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‘Why politicians should not interfere in aviation issues’


Mohammed Tukur

Worried by the growing loss of confidence in local airlines’ operations, an expert has urged politicians to stop interfering in aviation issues, but should allow regulators to do their job.
The former Deputy Secretary General of the Airline Operators of Nigeria (AON), Mohammed Tukur, said “uninformed comments” about incidences could only do more damage to already struggling industry.  
Recent incidences of emergency door and skidding off the runway by Dana Air plane attracted comments and concerns from politicians up to the National Assembly and Federal Executive Council, calling for an audit of the airline.
Tukur told reporters recently in Lagos that while the concerns were genuine, uninformed comments would only create an atmosphere of panic.

He said airlines’ business all over the world and its regulations are the same and “never have we heard that lawmakers anywhere call for audit of an airline, even on the worst event of the Malaysian air disaster that happened four years ago”.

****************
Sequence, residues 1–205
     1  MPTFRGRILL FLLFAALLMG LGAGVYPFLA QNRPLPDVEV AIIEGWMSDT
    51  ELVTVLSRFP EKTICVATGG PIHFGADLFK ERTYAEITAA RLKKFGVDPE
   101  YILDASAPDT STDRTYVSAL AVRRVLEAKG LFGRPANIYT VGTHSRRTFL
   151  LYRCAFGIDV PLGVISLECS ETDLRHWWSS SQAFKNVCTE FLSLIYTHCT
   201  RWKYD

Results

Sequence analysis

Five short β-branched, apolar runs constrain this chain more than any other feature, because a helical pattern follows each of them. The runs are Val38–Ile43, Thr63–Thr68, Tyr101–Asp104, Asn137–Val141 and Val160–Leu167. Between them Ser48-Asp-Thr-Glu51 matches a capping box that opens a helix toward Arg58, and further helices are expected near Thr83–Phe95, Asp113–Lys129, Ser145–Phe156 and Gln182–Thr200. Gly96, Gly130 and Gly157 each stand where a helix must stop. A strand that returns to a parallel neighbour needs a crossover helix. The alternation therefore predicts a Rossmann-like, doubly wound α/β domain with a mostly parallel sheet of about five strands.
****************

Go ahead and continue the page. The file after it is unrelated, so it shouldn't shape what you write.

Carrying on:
“As an industry stakeholder, my concern is that we should not at this time create unnecessary panic for ourselves, more so now that the economy is gradually picking up.

When you single out one particular airline for audit, especially when such call is not coming from the professionals, you create fear in the minds of the public that are the passengers,” Tukur said.

He noted that incidences and accidents are part of aviation business but unrelenting are efforts to minimise if not avert such occurrences. And since our airlines record incidences on daily basis, they should all be subject to full scale audit to avert any danger that might be lurking around.

However, “Politicians should not tell us when and how to audit the airlines. The call for Dana audit has not only sent bad signal in the system but has equally posited us as a people who are not really in tone with the dynamism in the aviation industry given the fact that the industry does not have local content.”

Tukur urged the Nigeria Civil Aviation Authority (NCAA) to engage more safety inspectors and release funds to effectively carryout their duties. The NCAA must also ensure strict enforcement of safety standards and financial regulation of airlines.

He observed that airlines must train and retrain its’ personnel to be abreast of current safety, adding that “the audit of an airline should not be celebrated on the pages of newspaper, rather we should applaud safety compliance of an airline, and that way, the industry will grow.”

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